« PreviousContinue »
.with such a custom as we profess ourselves to be. It is singular that Mr. T. cannot distinguish between a literal and metaphorical expression: by iifiip%ovii)o Maximus wishes to mark extravagance of conduct. In order to have conveyed his meaning to the English reader, Mr. T. should have expressed himself somewhat after this manner.—" But here, these sober orators of ours being abridged by no law, of the full liberty of speech, are guilty of more extravagance in these assemblies than any intoxication would produce." Evrat'flz Se, o! v>j:pov7sf Ostbi hnix.xywyi>}, finSevos durois i$c$u]os 1/ifj.ou, x'Aai^o'As rr,v Izpvcizi rSiv hoyaiv, t*aipxp'wn ev Tsuj Jxx>.r,<ri'aif "ninr.s fJLid'ns axoXajorapav. P. 337. S', Ed. Dav.
Perhaps Mr. T. will tell us that he has translated, with literal exactness, the words ot his original. In the above instance lie has done so, at the expence os common sense: but what will he say to the passage which we shall, in the next place, notice; and where did he learn that otvwcoor fig, nified a hearer, and z'tSus afpeclator?
In short, historical narrations are, to the hearer, most delightful •with respeil to pleasure, and to the spectator most alluring nvith reJpeil to recolleelion. What banquet then can be more agreeable to the foul than such relations as these? It is difficult, indeed, to oppose many, and these illustrious historians, but at the fame time we must fay," &c.
The words of the original author are Si/veXov?! Se sirfiv, al xaS' iyo^iav Xoyoi tw fj.h ivr,x6tii repitwlallov xa6' iSov^v, ra Sa fiSori iirxyuyolxioy xxlsL ava/xwiciv. Ti'i av ouv yevoi/o -^vyjxis ivuyjoi Xor/wv rxvrns trpoirits^ipoi; Xahiitov y.tv ImiTi xai atlira^aoOat itoWx xxi ycvvziai Kc/morl) piTc'ov Se t(juns. P. 341. y'.
That is, ' historical relations are most delightful to those who have never heard them before, in consequence of the pleasure they afford: and are moll soothing to such as are already acquainted with them, by the recollection they produce.' We think also, that the latter part of the sentence has a different meaning from that which has been affixed to it by its translators. We suspect it to signify, // is difficult, indeed, for a skilful and experienced writer to name any thing that can be put in competition with it: yet we mujl nevertheless declare, He.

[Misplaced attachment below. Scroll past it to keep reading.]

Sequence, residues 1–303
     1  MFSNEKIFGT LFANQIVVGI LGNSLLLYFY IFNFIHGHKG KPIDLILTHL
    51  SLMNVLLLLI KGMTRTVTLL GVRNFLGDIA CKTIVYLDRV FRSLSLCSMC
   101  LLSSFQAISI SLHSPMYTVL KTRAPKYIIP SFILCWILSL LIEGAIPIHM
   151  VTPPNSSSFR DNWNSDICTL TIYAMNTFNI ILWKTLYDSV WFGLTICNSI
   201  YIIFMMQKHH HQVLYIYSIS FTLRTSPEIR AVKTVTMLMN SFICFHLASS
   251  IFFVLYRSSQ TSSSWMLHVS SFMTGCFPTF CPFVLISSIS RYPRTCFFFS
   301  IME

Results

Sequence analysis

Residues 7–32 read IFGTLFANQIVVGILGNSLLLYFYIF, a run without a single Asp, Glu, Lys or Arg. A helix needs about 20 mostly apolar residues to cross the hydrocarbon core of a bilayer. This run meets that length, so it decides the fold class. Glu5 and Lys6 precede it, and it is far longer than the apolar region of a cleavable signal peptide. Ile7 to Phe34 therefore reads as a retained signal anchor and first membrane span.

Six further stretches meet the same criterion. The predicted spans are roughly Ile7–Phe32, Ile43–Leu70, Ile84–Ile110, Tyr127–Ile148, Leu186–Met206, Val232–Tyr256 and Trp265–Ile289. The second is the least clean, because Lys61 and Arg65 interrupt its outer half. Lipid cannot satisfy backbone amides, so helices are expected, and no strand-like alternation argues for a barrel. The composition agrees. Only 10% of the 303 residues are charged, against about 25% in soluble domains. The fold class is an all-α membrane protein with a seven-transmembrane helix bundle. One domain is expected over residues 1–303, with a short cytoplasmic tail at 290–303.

We cannot but object also to the manner in which Mr. T. translates the word yevta'koyti. "Gcnealogizes" is barbarous; its place should have been supplied by ' points out the descent of:' again, ' a sedition which no crier has proclaimed,' it by no means the fense of 2t«<»v wtxpiv »£ £xwpvx%*. These
words words signify, as any lexicon would have informed Mr. T., a bitter and implacable contention. So also E<piS/xso«, which he has translated diurnal, means things which last hut for a day. The last mistake which we shall notice in the extract that we have made, occurs at the conclusion of the dialogue.
"But Homer ascribes these things to Apollo, obscurely signifying the solar rays which pervade the air swifter than any arrow, and are far more unmingled than the/jmmetry *f bodiei."
If Mr. T. Taylor would have condescended to profit by the labours of verbalists, he would not have given us a translation which, to say the best of it, approaches near to nonsense. The words of Maximus are these, "O/xr^or 11 itrrZ vpooiQrix.i Tw $ -n/AW, a'mlrofjLtvis Tw rjkiw d.y.rn% Si" dis os yupvsan oifou 6o7to», dxparcJlifav Ttis rut aoiy.£[u\ av^it-tralxi. oki. ad im.
The author is explaining the reason of Homer's attributing to Apollo the infliction of pestilence. The above passage should, therefore, have been rendered thus.
"Homer attributes these to him, obscurely signifying thereby, that the rays of the fun pervade the air more swiftly than an arrow, and are more powerful than the materials of which bodies are composed."
In giving this explanation, we have the support of that able scholar Markland, whose note we subjoin.
"Dubitavi an scribendum esset xpalaio1tp«»; vel ax^aioTipiw, ex Luciano Dipsad. p. 482. 0 Jjjuo?—AKMAIOTEPAN T\i AKTJNA zfoeCxAur. Sed nihil mutandum i-sse vides, ex Suida in V. axparoc l^ou axlij, •vehemens Joliii radius. Axf<*1aiTipa» est fotentiorem, validiorem: cui cedit corporis humani compositio."
It is probable that the word obtained this fense from the circumstance of its being applied to wine unmixed with water, and therefore signifying Jirong wine. From this it might, by an easy transition, come to denote strength or power in other things.
After having noticed so many blunders, in a space so comparatively small, we shall easily be credited in our assertion, that they are scattered over every part of the work with the most liberal hand. Let the public bear with us while we draw a few from these copious stores; this done, and Mr. T.'s obligations to Heinsius noticed, we shall take our leave of this dull and incorrect production.
In vol. 2. p. 150. this sentence occurs. "But I who am desirous of liberty have need of law, have need of reason: these will preserve for me felicity, erect, unshaken, unattended with fear, and self-suflicient; ar.d which is not groveling and subject to servile arts; through ivhich being imfo'verijhtd I collect the mighty emolument pleasure."
The original of the latter part is, Cf' Sit sfau^a/zEvor dQpoiaw To fxiyx ,ToiHo'ifi>.os r$ovr,v: i. e. trom ivhc/e Jcanty contributions I lhall collect that mighty advantage pleasure." Not a syllable is said in the original about being impoverished, epavityttau, the middle verb, as grammarians term it, signifies colligere vel aucupari aliquid. If Mr. T. had followed his friend Hcinfius in this instance, he would have avoided this mistake; but, by a singular infelicity, he follows him in his errors only.
Every school-boy we had supposed to be acquainted with that part of Grecian history which is distinguished by the retreat of the ten thousand, as they are called. Yet Mr. T. appears to know nothing about it. As the following passage will show.
"When, however, war came to him from the sea, myriads of Greeks and skilful generals, being vanquished, he fled to a little hill," &c.